WASHINGTON • Long dead but little forgotten, American soldiers who disappeared across the world during World War II are being reunited with their loved ones in a dogged push to find and bring home their bodies.
From the forests of Germany to the jungles of Papua New Guinea, US experts employed by the Defence POW/MIA Accounting Agency - among them historians, archeologists and forensic experts - are the main sleuths.
When recovery of a body is possible, the Pentagon specialists turn the remains over to an ultra-modern laboratory in Hawaii for identification and then wait for the ultimate reward: bringing the bereaved back together with their long-lost relatives.
Historian Stephen Johnson recalled how a delighted woman, whose father had been found in a German forest, exclaimed: "You gave me back my daddy."
"I think of her when I work on a case," Mr Johnson said.
"You don't stop being a member of the US military because you die."
PRESIDENT GEORGE WASHINGTON, the first head of the US military, whose philosophy is the driving force behind the POW/MIA agency's quest to find and return dead soldiers to their families
The woman, now a mother and grandmother, "had come to peace" after finding out the exact fate of her father, who died when she was 18 months old, Mr Johnson said.
Ms Sandi Jones, who lives in Montana, said she felt immense joy when the agency called her in June last year to say that her uncle had been found 70 years after his plane went down in the jungles of Papua New Guinea.
"I was flabbergasted," the 60-year-old said.
Her uncle, whose photo Ms Jones kept even though her grandparents refused to speak of him, was buried near the family ranch with honours in the presence of US Air Force officials. The agency also gave the family his Masonic ring, which was discovered among the crew and deduced to be his since he was the only member of a Masonic Lodge.
Mr Johnson said the willingness to bring a soldier home at any cost dates back to the birth of the United States. President George Washington, the first head of the US military, thought that "the allegiance of the army to the nation was directly tied to the allegiance of the nation to the army", he said.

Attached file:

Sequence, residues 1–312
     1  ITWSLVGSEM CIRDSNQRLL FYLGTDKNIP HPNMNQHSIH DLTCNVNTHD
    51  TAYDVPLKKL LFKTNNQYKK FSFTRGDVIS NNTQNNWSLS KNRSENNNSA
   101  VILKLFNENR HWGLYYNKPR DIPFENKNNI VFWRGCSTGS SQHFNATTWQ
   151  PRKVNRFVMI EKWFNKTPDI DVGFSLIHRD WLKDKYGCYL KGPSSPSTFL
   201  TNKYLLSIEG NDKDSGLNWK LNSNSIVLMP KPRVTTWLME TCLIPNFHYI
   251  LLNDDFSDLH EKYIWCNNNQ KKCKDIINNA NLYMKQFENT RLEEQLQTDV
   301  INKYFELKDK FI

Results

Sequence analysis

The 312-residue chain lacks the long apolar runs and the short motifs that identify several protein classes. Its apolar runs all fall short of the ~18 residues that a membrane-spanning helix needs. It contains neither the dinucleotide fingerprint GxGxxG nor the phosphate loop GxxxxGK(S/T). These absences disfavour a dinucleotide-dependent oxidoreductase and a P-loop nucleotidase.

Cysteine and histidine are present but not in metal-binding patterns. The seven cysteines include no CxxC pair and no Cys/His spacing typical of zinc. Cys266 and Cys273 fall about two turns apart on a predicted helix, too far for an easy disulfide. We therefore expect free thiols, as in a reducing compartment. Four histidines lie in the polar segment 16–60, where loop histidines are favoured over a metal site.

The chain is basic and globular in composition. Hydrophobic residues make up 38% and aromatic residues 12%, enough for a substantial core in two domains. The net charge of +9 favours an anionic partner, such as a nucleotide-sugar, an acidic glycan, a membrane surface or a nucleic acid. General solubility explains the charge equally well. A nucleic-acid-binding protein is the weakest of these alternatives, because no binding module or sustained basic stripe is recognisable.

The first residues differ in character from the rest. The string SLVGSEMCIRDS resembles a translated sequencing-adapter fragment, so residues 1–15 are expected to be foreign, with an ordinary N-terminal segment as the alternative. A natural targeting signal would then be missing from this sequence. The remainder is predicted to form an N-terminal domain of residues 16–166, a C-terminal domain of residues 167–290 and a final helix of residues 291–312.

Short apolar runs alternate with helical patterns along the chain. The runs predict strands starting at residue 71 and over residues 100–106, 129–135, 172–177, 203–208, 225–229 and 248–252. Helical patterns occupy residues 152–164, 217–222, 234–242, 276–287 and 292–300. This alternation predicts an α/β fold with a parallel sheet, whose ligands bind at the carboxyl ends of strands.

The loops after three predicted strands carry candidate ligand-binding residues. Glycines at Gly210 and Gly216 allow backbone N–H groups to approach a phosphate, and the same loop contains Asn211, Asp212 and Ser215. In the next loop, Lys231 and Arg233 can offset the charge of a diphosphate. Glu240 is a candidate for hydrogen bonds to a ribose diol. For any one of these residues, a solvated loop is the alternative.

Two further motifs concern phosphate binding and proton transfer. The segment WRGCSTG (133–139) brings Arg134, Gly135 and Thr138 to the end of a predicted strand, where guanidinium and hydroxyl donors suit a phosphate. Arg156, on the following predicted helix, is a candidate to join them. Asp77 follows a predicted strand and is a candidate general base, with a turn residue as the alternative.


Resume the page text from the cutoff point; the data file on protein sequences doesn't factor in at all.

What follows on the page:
"You don't stop being a member of the US military because you die," he added.
It is this logic that has driven the prisoner of war/missing in action agency to take on a project to exhume 388 sailors and marines who were killed aboard the battleship USS Oklahoma at Pearl Harbor on Dec 7, 1941.
The agency, which uncovers around 70 bodies a year, has fallen short of Congress' goal of 200 bodies annually.
Meanwhile, private associations are aiding in the effort.
History Flight, whose multi-disciplinary team includes historians, archeologists and soil specialists, is searching for the remains of dozens of marines on the Tarawa Atoll in Kiribati, from the war's Pacific theatre. The quest began in 2007 and has cost nearly US$1.5 million (S$2 million), said History Flight president Mark Noah, who decided to search for the missing planes after becoming interested in lost flights.
"For us, it's a humanitarian issue" said Mr Noah, an airline pilot for 50 years, explaining that many of the children and relatives of the disappeared are still alive.
Of the 16 million Americans who served in World War II, more than 400,000 died. More than 73,000 remain unaccounted for, according to the US Department of Defence.